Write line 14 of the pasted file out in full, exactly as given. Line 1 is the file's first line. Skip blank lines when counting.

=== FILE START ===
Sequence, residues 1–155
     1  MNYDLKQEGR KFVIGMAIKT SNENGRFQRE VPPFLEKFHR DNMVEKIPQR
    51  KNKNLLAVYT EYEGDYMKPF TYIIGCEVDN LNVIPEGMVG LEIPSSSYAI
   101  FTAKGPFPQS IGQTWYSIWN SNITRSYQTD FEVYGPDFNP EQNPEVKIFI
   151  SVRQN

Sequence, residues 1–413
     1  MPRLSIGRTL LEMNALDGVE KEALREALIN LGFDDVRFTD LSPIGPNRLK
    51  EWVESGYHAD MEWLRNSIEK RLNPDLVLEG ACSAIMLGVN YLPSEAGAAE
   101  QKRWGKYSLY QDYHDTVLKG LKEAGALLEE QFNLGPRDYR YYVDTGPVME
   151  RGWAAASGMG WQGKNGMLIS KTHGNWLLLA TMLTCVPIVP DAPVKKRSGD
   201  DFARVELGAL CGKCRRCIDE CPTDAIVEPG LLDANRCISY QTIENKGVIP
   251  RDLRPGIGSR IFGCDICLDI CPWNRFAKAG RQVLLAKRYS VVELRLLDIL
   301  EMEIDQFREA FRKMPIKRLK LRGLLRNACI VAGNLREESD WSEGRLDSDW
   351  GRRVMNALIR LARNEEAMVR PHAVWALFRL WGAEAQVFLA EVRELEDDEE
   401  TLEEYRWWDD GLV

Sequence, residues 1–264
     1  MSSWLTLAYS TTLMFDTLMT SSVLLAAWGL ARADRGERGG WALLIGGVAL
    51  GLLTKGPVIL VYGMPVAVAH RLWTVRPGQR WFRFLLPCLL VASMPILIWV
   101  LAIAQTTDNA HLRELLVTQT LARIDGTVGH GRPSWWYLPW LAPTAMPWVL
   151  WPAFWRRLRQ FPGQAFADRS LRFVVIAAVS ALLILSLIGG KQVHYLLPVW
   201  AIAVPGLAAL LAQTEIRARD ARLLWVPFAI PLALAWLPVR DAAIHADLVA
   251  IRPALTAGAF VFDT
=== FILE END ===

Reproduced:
   351  GRRVMNALIR LARNEEAMVR PHAVWALFRL WGAEAQVFLA EVRELEDDEE